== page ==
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Look Within to Manage Experience

Look Within to Manage Experience

Creating a positive environment for employees is now a must-have item, even for businesses that focus on experience management.

I have been promoting and advocating the benefits of experience management for years now, but the truth is many organizations have not yet even dipped a toe in the water of EM. These organizations are placing experience on a “nice to have” list or not even factoring it as a core business need.

However, in an age of hybrid working, when employees can make snap decisions about where and how they work and share their experience via social media, you simply can’t leave experience to chance! Ensuring a good experience may be the difference between thriving or failing.

In the world of Managed Service Providers (MSP), it’s easy sometimes to be completely outward looking. However, it is difficult to argue that experience is a must have if you are not using it everywhere you can. Any MSP promoting or going to market with an experience management offering is not worth much if they themselves are not using it within their own organization. As a leader, I value the experience of my team above anything else, and this is why we have invested the time and money in the same Experience Management we sell externally to our internal business.

There are a multitude of methods that all overlap to allow us to draw a picture of what the experience is like in the business. On top of this, at my organization we apply a persona-based diversification element, as one size does not fit all.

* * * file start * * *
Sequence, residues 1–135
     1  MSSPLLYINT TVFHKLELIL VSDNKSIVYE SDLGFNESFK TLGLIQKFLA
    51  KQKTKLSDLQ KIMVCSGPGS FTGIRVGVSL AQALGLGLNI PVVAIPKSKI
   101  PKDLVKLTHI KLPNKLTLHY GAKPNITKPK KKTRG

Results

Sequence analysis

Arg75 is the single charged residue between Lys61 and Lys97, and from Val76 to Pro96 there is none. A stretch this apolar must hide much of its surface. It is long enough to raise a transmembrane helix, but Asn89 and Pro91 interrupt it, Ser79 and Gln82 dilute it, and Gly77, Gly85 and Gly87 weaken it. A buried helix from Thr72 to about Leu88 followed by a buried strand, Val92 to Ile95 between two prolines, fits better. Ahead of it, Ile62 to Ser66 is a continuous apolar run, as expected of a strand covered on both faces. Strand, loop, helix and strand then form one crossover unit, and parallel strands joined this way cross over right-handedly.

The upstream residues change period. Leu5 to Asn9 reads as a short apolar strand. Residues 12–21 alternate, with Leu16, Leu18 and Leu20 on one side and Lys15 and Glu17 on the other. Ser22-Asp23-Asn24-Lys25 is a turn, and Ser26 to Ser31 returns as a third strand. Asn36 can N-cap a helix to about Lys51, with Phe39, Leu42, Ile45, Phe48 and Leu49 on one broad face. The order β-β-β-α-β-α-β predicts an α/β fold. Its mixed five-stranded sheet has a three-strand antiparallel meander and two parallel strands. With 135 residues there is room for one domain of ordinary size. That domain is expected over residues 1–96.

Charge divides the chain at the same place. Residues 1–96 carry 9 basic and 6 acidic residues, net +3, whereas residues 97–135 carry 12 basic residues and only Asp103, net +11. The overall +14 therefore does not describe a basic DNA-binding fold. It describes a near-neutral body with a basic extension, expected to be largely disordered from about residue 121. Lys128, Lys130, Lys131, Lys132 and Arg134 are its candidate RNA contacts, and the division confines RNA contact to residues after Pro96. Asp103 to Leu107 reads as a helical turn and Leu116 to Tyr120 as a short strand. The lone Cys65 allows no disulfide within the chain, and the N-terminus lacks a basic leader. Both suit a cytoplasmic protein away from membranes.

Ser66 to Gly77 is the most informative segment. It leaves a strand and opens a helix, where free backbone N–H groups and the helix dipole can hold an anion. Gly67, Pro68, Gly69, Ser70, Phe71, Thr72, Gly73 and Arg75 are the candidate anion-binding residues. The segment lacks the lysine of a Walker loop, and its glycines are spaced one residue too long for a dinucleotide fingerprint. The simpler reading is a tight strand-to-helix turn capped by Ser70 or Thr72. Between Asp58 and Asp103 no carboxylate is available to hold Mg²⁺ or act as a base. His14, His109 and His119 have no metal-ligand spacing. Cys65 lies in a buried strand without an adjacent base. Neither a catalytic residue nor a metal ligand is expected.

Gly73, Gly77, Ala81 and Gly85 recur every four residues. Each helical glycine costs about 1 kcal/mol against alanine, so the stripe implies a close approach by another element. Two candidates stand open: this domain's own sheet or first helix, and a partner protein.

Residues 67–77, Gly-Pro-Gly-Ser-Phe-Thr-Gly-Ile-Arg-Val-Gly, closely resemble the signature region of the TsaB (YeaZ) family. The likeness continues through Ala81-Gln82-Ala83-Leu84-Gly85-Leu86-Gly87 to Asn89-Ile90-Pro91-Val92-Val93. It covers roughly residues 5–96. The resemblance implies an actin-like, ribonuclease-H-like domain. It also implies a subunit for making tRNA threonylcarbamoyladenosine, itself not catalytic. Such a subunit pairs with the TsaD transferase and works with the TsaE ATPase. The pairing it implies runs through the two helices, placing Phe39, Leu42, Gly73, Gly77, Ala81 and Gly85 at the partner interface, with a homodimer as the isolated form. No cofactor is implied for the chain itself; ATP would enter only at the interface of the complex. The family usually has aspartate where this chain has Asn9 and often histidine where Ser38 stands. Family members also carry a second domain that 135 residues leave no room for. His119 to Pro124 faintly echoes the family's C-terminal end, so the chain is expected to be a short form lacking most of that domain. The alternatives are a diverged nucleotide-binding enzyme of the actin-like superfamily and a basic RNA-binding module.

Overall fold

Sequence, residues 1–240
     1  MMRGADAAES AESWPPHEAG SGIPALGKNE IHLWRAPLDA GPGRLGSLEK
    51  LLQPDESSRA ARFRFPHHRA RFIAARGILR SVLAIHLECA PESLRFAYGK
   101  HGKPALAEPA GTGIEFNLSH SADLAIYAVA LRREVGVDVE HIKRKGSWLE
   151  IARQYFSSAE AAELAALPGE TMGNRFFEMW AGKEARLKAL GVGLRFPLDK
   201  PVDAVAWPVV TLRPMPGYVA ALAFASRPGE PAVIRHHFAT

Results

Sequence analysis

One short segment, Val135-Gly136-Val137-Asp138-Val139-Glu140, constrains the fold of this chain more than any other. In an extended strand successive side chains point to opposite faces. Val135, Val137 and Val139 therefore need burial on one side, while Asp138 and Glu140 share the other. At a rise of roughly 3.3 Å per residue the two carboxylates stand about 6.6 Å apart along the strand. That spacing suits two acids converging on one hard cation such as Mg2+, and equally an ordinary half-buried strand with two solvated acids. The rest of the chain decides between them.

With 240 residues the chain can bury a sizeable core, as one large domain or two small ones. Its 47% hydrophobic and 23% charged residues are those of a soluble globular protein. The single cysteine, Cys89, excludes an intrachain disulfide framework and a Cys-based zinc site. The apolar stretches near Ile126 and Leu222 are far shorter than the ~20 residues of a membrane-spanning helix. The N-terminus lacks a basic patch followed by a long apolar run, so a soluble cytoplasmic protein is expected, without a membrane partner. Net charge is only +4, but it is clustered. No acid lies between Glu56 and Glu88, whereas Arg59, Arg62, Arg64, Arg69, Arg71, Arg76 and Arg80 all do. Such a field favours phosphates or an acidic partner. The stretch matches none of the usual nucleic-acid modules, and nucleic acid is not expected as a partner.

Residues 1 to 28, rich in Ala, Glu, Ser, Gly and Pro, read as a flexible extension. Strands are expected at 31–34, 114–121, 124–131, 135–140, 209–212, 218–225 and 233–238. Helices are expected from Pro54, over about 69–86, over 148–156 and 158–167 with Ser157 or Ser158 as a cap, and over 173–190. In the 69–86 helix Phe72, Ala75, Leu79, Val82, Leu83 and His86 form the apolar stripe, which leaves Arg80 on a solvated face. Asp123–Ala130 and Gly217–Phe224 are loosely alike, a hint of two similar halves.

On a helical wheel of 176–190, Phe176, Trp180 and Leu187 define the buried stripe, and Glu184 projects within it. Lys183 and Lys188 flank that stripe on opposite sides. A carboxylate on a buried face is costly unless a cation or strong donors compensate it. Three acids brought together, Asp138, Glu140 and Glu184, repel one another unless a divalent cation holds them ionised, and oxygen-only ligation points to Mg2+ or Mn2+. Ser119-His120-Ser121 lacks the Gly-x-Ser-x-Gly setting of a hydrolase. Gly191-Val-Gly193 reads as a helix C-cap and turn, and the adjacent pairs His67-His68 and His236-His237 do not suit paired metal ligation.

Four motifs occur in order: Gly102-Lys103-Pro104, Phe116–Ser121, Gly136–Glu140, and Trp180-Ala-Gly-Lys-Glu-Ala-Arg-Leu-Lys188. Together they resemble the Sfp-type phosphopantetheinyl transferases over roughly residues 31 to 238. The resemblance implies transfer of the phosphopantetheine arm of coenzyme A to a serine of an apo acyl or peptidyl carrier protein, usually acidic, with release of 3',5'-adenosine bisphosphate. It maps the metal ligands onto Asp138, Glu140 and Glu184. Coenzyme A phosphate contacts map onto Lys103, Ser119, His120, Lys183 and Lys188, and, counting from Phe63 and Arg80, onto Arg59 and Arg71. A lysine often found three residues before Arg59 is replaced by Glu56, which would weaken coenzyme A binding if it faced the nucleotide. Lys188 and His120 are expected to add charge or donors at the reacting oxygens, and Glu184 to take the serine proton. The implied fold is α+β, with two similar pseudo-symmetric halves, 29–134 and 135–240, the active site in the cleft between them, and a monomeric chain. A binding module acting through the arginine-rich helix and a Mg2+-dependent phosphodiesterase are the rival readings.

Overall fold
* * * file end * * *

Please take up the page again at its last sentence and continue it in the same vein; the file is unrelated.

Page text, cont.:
Of these multiple methods, I am going to focus on one method that proved very effective for us. This method is partly very traditional and partly very cutting edge, bringing the two elements together to paint a thorough picture to allow us as leaders to confidently gauge the experience of our associates.

Starting with the traditional, we have embraced the power of surveys – short, pinpointed questions to our team. The questions are customized to reflect specific activities/scenarios they have just performed. Timing is always critical with surveys. You need to capture the information when the experience is fresh in the mind of your audience. There is no point in expecting accurate insights for something that happened long in the past.

Combined with this, we are using our Device Experience Management (DEX) tooling to capture the true sentiment of interactions and of our team members. Overlaying the sentiment data with our survey data shows us clearly how good the experience is. We then follow up with team members who are potentially having a negative experience. We can start to build a plan based on tangible actions of change.

Finally, actually embracing these changes and actioning them is key! This is where you can make an active difference when it comes to the experience of your team. Continually doing this gives you a service and working environment that is evolving and improving!

If you’re not looking at experience within your organization, then you need to start now. Thriving businesses are ones that really embrace experience, measure it, manage it, and improve it. You do not need to go big to start with; the beauty of experience management is that you can start to make improvements with only a few data points, as long as those data points are focusing and measuring on what really matters.

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